La Sinfonia N° 8 di Bruckner è stata una delle più complete e profonde interpretazioni di Herbert von Karajan. La sua prima esecuzione di questa partitura monumentale si tenne nel 1937 ad Aachen, dove il direttore salisburghese era da due anni Generalmusikdirektor. Karajan diresse questo lavoro altre 62 volte nel corso della sua carriera, fino al febbraio 1989. Di quest’ ultima interpretazione, avvenuta alla Carnegie Hall nel corso di una tournée negli USA con i Wiener Philharmoniker, riporto la recensione del concerto apparsa sul New York Times.
Review/Music; Karajan Leads Vienna In Heroic Bruckner 8th
By JOHN ROCKWELL
Published: February 28, 1989
Herbert von Karajan and the Vienna Philharmonic are presenting two programs in their three-concert visit to Carnegie Hall. Saturday’s -to be repeated tonight – was an almost popsy affair devoted to Schubert’s ”Unfinished” Symphony and various confections of the Strauss waltz dynasty. But Sunday night, Mr. Karajan got serious, with Bruckner’s Symphony No. 8 in C minor, all 89 minutes of it in his statement of the Haas edition.
Bruckner’ s Eighth might itself seem almost a warhorse by now. It’ s one of Zubin Mehta’s favorites, and guest conductors program it frequently. Klaus Tennstedt played it with the Philadelphia Orchestra just last month, and others who have led it here in this decade include Giuseppe Sinopoli, Gunther Herbig, Daniel Barenboim and Eugen Jochum.
But Mr. Karajan owns this score; his interpretations of it stand on another level altogether, both in relation to other conductors and to his own work in other music. Whether in concert or on his several studio recordings with the Vienna Philharmonic or the Berlin Philharmonic, this is surely the way this symphony was meant to be heard.
Pale and frail as he is, Mr. Karajan seems to have lost nothing of his ability to control an orchestra and to encourage it to realize his intentions. This was the type of concert to tell your grandchildren about, and was greeted with deserved, fervent ovations.To say that any conductor ”owns” a score is of course hyperbole: it is possible to imagine others shaping it in different, perhaps even equally persuasive ways. In particular, Mr. Karajan’s image of the Scherzo has grown downright sleepy and sly over the years, underplaying the bucolic vigor and substituting a deft subtlety.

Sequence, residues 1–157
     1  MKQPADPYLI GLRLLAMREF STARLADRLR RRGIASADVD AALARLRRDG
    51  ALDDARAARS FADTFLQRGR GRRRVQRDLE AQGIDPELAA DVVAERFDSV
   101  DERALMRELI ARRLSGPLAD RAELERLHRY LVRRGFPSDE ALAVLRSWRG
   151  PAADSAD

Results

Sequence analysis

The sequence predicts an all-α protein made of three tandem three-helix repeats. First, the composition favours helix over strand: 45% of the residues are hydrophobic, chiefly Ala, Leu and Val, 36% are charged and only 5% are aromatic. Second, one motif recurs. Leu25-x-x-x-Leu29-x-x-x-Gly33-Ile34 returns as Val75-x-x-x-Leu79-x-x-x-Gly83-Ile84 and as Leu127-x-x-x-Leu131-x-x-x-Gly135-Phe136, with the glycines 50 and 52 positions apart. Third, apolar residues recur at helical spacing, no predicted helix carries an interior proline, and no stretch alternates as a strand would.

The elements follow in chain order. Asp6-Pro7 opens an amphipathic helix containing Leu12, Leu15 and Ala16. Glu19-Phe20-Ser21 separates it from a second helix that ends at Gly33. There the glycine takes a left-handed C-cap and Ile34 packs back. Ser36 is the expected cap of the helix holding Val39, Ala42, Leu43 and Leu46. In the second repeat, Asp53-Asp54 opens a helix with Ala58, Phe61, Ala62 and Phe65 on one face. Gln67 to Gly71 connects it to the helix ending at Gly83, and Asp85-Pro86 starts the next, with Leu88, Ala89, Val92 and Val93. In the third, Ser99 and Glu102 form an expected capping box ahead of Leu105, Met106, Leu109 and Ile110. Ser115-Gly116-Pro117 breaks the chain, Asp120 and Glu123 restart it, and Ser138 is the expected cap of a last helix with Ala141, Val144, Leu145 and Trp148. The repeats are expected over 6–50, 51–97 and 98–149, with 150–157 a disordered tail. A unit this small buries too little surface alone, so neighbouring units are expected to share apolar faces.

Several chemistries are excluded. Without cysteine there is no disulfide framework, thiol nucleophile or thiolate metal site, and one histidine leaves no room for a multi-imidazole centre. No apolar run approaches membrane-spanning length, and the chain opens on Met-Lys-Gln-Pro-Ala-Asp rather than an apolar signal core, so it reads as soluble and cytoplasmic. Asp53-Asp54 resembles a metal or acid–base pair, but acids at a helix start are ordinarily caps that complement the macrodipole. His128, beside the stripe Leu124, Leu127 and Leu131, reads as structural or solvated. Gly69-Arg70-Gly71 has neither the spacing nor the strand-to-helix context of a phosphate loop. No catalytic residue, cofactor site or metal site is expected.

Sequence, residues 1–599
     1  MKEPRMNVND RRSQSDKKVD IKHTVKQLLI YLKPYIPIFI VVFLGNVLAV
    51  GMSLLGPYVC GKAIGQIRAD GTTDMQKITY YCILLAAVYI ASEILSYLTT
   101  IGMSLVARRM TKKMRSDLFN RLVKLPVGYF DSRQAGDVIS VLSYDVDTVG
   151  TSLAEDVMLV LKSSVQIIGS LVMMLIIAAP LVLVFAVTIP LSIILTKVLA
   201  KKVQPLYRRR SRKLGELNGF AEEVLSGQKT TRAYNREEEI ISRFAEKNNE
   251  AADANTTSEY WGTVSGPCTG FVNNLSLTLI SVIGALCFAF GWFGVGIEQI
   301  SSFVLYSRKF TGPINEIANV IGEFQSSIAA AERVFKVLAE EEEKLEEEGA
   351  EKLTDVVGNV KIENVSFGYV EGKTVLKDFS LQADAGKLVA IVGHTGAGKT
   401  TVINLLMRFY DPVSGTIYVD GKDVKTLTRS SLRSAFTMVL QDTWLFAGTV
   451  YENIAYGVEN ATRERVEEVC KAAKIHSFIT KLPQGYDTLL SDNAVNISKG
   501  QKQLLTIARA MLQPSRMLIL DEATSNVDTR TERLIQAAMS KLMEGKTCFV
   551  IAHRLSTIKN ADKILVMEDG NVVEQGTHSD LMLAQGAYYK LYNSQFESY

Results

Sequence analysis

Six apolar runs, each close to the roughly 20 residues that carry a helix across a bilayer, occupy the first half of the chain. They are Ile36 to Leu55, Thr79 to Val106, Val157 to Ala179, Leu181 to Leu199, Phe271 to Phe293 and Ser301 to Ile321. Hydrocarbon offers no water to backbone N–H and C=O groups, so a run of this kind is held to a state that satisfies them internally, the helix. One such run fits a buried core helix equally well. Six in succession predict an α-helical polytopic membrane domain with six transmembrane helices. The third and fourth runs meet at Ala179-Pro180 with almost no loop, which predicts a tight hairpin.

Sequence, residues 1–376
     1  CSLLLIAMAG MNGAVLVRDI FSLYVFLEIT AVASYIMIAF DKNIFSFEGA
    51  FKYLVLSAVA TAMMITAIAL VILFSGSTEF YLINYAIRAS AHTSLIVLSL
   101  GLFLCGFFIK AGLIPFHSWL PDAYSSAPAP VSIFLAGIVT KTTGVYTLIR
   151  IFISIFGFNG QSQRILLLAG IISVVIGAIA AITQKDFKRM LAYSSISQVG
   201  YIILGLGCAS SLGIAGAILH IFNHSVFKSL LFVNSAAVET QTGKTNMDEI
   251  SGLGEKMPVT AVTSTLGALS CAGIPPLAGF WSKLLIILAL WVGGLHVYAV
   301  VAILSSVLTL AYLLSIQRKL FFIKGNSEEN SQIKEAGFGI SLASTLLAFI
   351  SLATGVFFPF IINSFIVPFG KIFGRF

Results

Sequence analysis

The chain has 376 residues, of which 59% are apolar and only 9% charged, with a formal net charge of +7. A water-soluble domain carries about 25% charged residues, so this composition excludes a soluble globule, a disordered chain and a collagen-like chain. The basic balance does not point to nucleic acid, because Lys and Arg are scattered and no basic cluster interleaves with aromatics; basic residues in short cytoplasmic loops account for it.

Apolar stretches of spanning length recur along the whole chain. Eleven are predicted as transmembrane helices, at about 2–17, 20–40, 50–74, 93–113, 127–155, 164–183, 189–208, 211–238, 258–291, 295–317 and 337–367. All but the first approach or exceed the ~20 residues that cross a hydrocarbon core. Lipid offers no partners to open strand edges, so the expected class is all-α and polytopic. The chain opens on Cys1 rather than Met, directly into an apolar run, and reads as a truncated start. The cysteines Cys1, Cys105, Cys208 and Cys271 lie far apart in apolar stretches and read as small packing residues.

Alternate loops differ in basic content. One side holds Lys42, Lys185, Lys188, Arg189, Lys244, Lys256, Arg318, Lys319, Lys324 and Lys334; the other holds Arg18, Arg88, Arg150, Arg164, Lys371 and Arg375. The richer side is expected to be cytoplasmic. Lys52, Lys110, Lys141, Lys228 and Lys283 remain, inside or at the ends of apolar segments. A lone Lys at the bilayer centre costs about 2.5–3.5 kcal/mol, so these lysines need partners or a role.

But unlike so many scores in which decades of reworking have drained the lifeblood from his interpretations, the Bruckner Eighth remains vital and soulful under his ministrations. Indeed, one can almost hear it as self-affirmation, the credo of an Austrian musician who responds to the craggy grandeur of his beloved Alps yet anticipates with grandiose, mystical fervor the heavenly raptures he fully expects will be his.
Even with an occasional blooper in massed brass chords, the Vienna orchestra’ s playing was magisterial -and with great playing, the ”new” Carnegie Hall acoustics sound pretty fine, except for a slightly pinched quality in fortissimo chords. On page after page of the score, remarkable felicities caressed the ear. Some of these were Mr. Karajan’s, as in the chamber-music delicacy of passages most other conductors hasten through on their way to the next climax. Others were the birthright of this ensemble, especially the creamy strings and mellow horns.
But gorgeous sound has long been a Karajan trademark. What distinguishes his Bruckner Eighth is the way he translates those sounds into profound musical meaning. Mr. Karajan is rightly considered one of the great conductors of this century, and that act of translation is what great conductors are supposed to do. He hasn’t always accomplished it in other repertory, especially in the last 20 years. But with this towering symphony, he proved he hasn’t entirely lost his touch.
Joseph Anton Bruckner (Ansfelden, 4 settembre 1824 — Vienna, 11 ottobre 1896)
Sinfonia N° 8 in do minore
Scherzo (Allegro moderato)
Adagio. Feierlich langsam, doch nicht schleppend
Finale. Feierlich, nicht schnell
Herbert von Karajan
St. Florian, Stiftsbasilika, 4 giugno 1979